Dueling Forecasts: Does the Energy Dept. Know Something U.S. DOT Doesn’t?
Incredibly, even the EIA’s “high VMT” case forecasts a level of driving that is below the DOT’s “low” forecast. One wonders how much of the $124 billion to $146 billion in annual expenditures the DOT says are needed to improve the conditions and performance of the highway system would still be necessary in the “low VMT” forecast put forward by the EIA.
The U.S. Energy Information Administration (EIA) – the data and analytical wing of the Energy Department – is out today with a fascinating analysis of changing driving trends and their implications for America’s energy future. The analysis, part of the EIA’s annual package of forecasts called the Annual Energy Outlook, reviews recent changes in demographic, economic, technological and other factors affecting the number of miles Americans drive. It also serves as a telling contrast to the U.S. Department of Transportation’s (U.S. DOT) own recent forecast of vehicle travel, presented in the biennial Conditions and Performance report.
We’ve criticized the U.S. DOT before for regularly overshooting the mark when it comes to forecasting vehicle travel – a perspective that exaggerates the need for spending on highway expansion and maintenance. The EIA report, on the other hand, takes a more nuanced and thoughtful approach to forecasting than the DOT’s reliance on untrustworthy state data and straight-line projections. It also gives us some key indications of what slower VMT growth might mean for our energy future.
DOT is from Mars, EIA is from Venus – Diverging Forecasts
The EIA and DOT have very different thoughts about how the future will play out when it comes to trends in driving. The DOT forecasts an immediate resumption of rates of vehicle travel growth that haven’t been seen for a decade, while the EIA assumes that, while driving might pick up again soon, it also might not, and that, to the extent driving does increase in the future, it is likely to grow way more slowly than it did during the post-war Driving Boom. This is the case we made in our 2013 report, A New Direction.
Incredibly, even the EIA’s “high VMT” case forecasts a level of driving that is below the DOT’s “low” forecast. One wonders how much of the $124 billion to $146 billion in annual expenditures the DOT says are needed to improve the conditions and performance of the highway system would still be necessary in the “low VMT” forecast put forward by the EIA. One also wonders how the EIA’s slow VMT growth forecast would affect revenues for the Highway Trust Fund, which is currently less than 150 days from going broke.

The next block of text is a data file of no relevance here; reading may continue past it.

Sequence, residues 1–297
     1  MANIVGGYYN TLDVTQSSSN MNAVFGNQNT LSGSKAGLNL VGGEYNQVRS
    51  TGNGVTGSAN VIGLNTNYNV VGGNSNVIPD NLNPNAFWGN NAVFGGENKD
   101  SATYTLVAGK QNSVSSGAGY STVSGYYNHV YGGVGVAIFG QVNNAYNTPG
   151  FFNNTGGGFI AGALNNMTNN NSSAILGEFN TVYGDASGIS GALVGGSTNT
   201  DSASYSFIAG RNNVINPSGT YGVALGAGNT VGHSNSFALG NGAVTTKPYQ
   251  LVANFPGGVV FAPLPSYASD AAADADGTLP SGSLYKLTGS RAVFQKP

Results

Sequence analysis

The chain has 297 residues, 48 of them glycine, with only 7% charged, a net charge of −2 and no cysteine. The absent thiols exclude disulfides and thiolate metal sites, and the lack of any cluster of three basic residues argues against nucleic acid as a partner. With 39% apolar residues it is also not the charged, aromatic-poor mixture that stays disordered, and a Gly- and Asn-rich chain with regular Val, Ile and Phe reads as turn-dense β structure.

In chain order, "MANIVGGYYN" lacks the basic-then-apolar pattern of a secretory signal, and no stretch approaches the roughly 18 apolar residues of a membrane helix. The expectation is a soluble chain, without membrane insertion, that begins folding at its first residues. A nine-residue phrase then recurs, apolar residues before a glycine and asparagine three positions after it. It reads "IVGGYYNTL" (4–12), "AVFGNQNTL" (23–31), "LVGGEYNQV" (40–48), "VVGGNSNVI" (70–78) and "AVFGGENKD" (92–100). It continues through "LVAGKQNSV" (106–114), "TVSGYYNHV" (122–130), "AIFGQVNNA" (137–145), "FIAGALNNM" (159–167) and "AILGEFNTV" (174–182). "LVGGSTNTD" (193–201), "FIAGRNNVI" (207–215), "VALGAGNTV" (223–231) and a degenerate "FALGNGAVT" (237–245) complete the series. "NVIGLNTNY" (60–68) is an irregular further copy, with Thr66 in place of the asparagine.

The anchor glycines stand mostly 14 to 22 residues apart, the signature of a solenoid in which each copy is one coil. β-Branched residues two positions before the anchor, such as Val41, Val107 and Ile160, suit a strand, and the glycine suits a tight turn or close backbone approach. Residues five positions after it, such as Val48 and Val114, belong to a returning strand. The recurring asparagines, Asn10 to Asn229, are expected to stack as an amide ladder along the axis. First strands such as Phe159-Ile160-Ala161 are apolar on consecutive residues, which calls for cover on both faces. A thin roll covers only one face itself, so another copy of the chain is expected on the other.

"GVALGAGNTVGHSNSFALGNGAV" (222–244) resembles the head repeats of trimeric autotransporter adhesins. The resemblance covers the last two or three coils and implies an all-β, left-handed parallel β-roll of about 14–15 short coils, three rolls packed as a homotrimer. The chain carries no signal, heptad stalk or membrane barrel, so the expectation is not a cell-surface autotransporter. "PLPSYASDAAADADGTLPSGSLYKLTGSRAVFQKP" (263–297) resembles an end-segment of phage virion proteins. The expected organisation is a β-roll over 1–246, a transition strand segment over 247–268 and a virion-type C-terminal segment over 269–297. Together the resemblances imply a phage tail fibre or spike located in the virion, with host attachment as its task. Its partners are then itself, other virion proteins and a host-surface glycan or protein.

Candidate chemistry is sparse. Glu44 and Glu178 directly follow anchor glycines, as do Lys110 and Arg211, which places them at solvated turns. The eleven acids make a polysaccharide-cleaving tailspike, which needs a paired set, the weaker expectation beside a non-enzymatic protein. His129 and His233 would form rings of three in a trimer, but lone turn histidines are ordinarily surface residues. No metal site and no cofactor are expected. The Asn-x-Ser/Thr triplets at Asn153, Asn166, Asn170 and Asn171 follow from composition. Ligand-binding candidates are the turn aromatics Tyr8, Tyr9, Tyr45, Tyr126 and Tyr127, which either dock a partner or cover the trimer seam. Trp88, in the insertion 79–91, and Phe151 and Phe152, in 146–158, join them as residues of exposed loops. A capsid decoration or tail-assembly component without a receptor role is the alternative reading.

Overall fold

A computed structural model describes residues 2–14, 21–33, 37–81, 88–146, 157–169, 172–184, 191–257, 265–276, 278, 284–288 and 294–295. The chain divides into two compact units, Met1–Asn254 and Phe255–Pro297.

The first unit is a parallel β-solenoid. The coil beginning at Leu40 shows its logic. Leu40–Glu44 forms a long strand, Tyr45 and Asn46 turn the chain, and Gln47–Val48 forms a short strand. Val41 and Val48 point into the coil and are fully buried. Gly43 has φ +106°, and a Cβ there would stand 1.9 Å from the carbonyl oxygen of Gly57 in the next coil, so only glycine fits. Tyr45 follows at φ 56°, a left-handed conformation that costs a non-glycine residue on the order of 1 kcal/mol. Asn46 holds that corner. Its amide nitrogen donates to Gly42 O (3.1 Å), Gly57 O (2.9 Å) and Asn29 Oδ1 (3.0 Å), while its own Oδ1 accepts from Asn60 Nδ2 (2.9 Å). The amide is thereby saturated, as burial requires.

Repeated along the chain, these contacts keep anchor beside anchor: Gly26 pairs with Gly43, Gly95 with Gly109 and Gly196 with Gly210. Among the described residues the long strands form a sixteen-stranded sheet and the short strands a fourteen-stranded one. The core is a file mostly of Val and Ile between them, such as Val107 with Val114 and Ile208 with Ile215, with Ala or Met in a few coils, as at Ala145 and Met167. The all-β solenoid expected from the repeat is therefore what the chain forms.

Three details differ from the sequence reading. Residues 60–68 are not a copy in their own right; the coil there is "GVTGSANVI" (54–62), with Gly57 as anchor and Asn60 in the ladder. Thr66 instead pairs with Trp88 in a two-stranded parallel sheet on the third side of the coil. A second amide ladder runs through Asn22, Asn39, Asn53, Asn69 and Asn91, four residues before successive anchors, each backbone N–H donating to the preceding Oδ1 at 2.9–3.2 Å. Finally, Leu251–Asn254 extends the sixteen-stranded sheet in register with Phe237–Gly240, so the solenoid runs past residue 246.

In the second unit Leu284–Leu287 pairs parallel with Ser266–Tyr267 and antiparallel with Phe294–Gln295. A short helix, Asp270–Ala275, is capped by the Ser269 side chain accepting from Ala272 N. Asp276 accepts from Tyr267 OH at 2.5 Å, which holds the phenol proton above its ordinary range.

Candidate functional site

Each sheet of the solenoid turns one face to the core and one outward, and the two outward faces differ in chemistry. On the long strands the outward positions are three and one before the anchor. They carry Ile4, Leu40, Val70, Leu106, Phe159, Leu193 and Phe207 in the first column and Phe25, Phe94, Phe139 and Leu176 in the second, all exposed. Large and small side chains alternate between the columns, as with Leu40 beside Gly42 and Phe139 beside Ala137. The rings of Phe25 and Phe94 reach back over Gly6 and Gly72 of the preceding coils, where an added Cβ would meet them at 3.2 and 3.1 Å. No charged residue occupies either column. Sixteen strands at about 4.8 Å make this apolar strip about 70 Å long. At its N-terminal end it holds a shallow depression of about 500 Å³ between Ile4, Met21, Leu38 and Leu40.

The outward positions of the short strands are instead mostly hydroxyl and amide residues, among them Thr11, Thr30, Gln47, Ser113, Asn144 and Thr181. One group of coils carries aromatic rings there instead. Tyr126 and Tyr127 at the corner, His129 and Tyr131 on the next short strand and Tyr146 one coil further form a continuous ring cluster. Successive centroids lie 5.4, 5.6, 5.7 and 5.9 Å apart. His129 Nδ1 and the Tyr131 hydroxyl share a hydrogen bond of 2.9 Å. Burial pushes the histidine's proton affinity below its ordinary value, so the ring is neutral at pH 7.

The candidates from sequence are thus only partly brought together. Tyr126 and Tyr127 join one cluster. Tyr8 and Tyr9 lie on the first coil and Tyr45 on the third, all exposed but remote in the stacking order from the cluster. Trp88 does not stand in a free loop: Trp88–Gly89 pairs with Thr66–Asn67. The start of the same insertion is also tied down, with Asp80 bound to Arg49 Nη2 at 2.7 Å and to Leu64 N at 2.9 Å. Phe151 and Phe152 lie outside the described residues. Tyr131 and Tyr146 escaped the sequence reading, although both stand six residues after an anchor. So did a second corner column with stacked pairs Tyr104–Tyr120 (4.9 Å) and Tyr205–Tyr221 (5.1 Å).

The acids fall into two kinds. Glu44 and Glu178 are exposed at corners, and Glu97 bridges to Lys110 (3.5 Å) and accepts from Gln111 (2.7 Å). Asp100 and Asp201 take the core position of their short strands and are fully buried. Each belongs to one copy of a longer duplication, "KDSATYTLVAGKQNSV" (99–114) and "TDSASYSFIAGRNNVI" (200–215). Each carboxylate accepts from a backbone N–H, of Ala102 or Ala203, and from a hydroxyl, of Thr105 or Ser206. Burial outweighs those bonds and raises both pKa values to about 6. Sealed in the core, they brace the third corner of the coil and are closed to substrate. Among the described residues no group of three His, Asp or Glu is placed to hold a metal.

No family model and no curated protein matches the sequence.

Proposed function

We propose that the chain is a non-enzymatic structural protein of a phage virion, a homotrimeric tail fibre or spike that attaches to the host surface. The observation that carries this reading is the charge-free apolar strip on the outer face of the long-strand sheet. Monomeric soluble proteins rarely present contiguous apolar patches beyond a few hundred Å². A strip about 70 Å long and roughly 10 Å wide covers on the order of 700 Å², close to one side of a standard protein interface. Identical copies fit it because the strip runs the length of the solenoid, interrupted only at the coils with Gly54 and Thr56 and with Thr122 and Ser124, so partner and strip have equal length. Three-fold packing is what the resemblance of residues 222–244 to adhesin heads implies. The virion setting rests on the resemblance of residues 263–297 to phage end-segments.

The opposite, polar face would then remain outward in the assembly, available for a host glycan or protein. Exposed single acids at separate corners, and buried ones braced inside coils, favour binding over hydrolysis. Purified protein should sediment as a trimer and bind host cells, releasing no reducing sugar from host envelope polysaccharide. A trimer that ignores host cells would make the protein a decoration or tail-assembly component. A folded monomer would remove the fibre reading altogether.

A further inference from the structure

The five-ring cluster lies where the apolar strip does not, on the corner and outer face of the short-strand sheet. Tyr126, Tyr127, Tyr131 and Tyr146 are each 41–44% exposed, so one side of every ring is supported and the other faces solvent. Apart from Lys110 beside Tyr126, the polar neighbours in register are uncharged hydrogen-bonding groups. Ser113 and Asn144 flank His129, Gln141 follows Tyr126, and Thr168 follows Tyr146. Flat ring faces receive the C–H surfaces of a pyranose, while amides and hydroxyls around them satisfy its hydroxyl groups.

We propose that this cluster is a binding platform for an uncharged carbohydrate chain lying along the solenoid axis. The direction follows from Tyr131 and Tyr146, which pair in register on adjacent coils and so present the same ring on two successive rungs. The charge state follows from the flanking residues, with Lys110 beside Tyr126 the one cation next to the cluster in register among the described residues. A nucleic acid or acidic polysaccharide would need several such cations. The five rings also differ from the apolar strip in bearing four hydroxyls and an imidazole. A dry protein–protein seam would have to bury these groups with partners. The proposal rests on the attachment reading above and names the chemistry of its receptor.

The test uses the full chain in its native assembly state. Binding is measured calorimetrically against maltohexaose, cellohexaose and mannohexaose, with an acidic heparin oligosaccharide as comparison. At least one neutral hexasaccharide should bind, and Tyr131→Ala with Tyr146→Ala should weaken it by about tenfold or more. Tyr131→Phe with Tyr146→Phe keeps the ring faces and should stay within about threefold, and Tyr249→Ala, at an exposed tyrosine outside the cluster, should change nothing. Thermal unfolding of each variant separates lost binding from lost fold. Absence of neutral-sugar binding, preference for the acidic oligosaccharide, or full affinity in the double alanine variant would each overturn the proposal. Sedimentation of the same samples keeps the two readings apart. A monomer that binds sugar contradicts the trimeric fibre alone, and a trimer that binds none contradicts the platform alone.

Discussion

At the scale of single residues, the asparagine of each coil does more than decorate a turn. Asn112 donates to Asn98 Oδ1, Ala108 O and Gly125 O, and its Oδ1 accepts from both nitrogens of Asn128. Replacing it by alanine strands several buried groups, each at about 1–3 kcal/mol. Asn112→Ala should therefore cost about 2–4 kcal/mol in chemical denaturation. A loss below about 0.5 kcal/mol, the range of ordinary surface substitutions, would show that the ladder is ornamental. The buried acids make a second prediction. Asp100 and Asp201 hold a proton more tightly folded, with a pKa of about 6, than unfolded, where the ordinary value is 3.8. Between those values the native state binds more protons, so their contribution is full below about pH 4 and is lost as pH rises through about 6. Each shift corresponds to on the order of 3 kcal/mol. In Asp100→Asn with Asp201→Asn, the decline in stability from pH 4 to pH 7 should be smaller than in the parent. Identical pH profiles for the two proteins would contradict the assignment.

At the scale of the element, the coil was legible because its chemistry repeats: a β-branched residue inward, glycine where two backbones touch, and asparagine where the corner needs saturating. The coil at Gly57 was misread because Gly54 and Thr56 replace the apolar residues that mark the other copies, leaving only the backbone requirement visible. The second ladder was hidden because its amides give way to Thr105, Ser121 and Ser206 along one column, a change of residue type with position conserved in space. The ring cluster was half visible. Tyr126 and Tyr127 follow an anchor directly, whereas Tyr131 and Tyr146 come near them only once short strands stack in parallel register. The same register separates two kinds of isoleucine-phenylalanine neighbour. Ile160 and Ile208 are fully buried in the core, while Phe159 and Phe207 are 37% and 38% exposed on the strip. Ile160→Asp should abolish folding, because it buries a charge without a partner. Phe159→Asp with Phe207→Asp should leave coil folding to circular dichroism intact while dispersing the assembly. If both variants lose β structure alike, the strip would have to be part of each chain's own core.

Slow VMT Growth Saves Oil and Cuts Pollution
The EIA report doesn’t give us the answer to those questions, but it does play out some of the other implications of reduced VMT growth, particularly with regard to oil consumption and carbon dioxide emissions. To follow are two charts from the EIA report – one showing the change in light-duty vehicle energy consumption under the various VMT scenarios and the other showing the change in transportation sector carbon dioxide emissions.
VMT growth in line with the “low VMT” scenario would cut energy use in U.S. light-duty vehicles by nearly one-fifth relative to the reference case and slash transportation sector carbon dioxide emissions by 9 percent. Slowing VMT growth, in other words, can help meet the urgent need to reduce emissions of global warming pollution and help put the nation on a pathway to a sustainable energy future that is less dependent on fossil fuels.
It is impossible to know, of course, whether the EIA or the DOT forecast will prove to be correct. But the new EIA report brings much-needed fresh thinking to the topic, and it also reminds us that, regardless of whether economic, demographic and other factors will continue to slow VMT growth, the nation has a lot to gain from using public policy to help the transition along.
Associate Director and Senior Policy Analyst, Frontier Group
Tony Dutzik is associate director and senior policy analyst with Frontier Group. His research and ideas on climate, energy and transportation policy have helped shape public policy debates across the U.S., and have earned coverage in media outlets from the New York Times to National Public Radio. A former journalist, Tony lives and works in Boston.